Hopping on the phone last Saturday morning, Margaret Lee was enjoying a bit of welcome downtime between the installation of two windows at our Downtown Flagship and four windows uptown at Madison Avenue. “It’s been so nice getting my hands dirty, and it really brought me back to my sculpture days in a way that I wasn’t expecting,” she told us, admitting that the three weeks spent at our visual production studio building out the windows with team Barneys were much more exhausting than anticipated. “It became clear to me that the success of these windows was actually putting art in them, not just replicating things. The end result is not a scenic version of my art; the attention to detail is really there.”
“Margaret is one of the most intelligent, insightful artists,” Dennis Freedman told The Window. “She’s very interested in objects and environments and has explored those ideas through her installation work. Her own practice has many parallels to the world of luxury consumerism. I knew she had the right sensibility to collaborate on a project like this.” Freedman and Lee worked closely with the rest of the Barneys visual team on the concepts and execution of the windows.
Lee took inspiration from Freedman, an avid art collector, and their mutual love of furniture for her 2015 show,“Closer to Right Than Wrong/ Closer to Wrong Than Right.” “It’s less about what he collects, though it’s amazing, and more about this idea of how he arranges them—or actually doesn’t arrange them,” said Lee, who’s interested in the idea of the collector and the way in which people covet.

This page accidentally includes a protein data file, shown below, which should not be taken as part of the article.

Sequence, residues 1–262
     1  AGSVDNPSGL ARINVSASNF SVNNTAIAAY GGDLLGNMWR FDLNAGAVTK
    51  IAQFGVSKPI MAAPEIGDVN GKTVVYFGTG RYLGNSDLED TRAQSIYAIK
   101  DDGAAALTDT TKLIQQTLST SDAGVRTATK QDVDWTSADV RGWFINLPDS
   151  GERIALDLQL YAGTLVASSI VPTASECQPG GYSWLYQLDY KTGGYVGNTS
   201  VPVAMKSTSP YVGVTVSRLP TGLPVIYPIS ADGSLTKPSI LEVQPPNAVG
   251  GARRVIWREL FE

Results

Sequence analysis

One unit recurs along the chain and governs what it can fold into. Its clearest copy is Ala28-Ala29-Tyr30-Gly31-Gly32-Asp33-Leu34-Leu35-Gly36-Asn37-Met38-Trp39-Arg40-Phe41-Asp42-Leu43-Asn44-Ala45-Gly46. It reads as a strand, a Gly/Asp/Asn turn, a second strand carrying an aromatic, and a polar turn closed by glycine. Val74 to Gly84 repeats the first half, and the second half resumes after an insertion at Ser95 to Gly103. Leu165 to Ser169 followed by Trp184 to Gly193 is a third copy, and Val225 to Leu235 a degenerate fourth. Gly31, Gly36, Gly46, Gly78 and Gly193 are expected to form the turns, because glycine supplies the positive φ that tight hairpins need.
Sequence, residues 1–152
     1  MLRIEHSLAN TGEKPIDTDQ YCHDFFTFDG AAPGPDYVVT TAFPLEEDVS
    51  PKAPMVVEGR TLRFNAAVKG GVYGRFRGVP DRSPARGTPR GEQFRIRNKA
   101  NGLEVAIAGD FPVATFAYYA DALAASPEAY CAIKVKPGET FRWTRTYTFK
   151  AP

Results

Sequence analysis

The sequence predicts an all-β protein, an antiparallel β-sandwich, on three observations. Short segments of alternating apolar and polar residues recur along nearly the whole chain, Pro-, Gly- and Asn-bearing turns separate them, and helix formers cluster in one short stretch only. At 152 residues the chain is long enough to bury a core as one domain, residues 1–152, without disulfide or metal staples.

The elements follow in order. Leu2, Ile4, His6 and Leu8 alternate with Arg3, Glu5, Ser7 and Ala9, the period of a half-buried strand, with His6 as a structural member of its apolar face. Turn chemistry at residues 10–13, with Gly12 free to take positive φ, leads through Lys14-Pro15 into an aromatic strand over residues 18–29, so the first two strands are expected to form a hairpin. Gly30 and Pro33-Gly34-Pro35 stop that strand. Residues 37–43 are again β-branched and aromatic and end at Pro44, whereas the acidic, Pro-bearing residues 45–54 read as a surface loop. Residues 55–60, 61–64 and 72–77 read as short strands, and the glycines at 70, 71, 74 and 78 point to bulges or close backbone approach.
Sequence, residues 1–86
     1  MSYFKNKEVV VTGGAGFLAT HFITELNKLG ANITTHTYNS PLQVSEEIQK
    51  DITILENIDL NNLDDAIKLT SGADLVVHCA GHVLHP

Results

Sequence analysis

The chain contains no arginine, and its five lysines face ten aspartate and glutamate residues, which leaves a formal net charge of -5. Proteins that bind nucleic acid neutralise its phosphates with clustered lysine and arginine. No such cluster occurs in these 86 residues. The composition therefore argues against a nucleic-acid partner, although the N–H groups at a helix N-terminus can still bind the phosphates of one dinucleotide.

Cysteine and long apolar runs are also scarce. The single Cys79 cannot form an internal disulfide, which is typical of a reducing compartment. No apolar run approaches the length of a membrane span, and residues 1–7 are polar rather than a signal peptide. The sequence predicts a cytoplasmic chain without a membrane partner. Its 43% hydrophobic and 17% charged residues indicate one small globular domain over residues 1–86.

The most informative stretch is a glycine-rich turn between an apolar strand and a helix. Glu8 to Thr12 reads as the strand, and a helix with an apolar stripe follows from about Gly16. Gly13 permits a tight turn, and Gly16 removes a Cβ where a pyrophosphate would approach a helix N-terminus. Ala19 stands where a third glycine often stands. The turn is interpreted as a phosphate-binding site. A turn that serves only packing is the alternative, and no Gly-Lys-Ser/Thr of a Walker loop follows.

She built on this concept of desire and consumption when embarking on the six windows for Barneys. “I’m very interested in the consumer’s mind and what creates desire. Working with a store like Barneys is kind of an ideal venue for showcasing these ideas,” she explained, adding that her ideas are indirect reflections of the Barneys customer and New Yorkers in general.
The windows feature domestic scenes—such as kitchens, a bathroom, and a baby’s room—and use surrealism to humorously portray the ideas of sterility and idiosyncrasy at odds with each other. “We live in a world where you walk into someone’s house and there’s nothing out of place. It’s a very New York thing to have even your personal space be so curated—a lot of effort goes into controlling how people see you,” says Lee, who is interested in how people control their desires. “A lot of my work, and therefore these windows, is about when the balance shifts, and no matter how hard you try to make things perfect, your humanness shines through.” In other words, as much as you strive for that sterile, orderly apartment, you can take it too far and you can’t fight your own peculiarities—like having a fridge stocked with only watermelons and a handbag or matching your couch to your gold Margiela sneakers.
“It all comes down to conveying some sort of truth, whether it be in a fashion spread or a store window. Each of the Barneys windows inhabits a different sensibility all within a New York story,” said Lee, adding that humor is an important part of the equation. Freedman agreed, saying, “Humor and irony are indeed a very effective ways to tell the truth.”
From the watermelons that Margaret handcrafted and painted, to the chrome and stainless steel backdrops built out by the Barneys visual team, and of course, the luxurious product showcased in the spaces—each window is a show of impeccable craftsmanship and beauty, even before extracting the layers of meaning. “The result of these collaborations is never something the artist would do on their own and never something Barneys would do on its own,” says Freedman. “It’s always something that is born from the process of collaborating, and that’s what is so important to Barneys. And, personally, I love that element of surprise.”
Both the Madison Avenue and Downtown windows will be on display until June 26, 2016. The windows feature audio by vocalist and performer Helga Davis.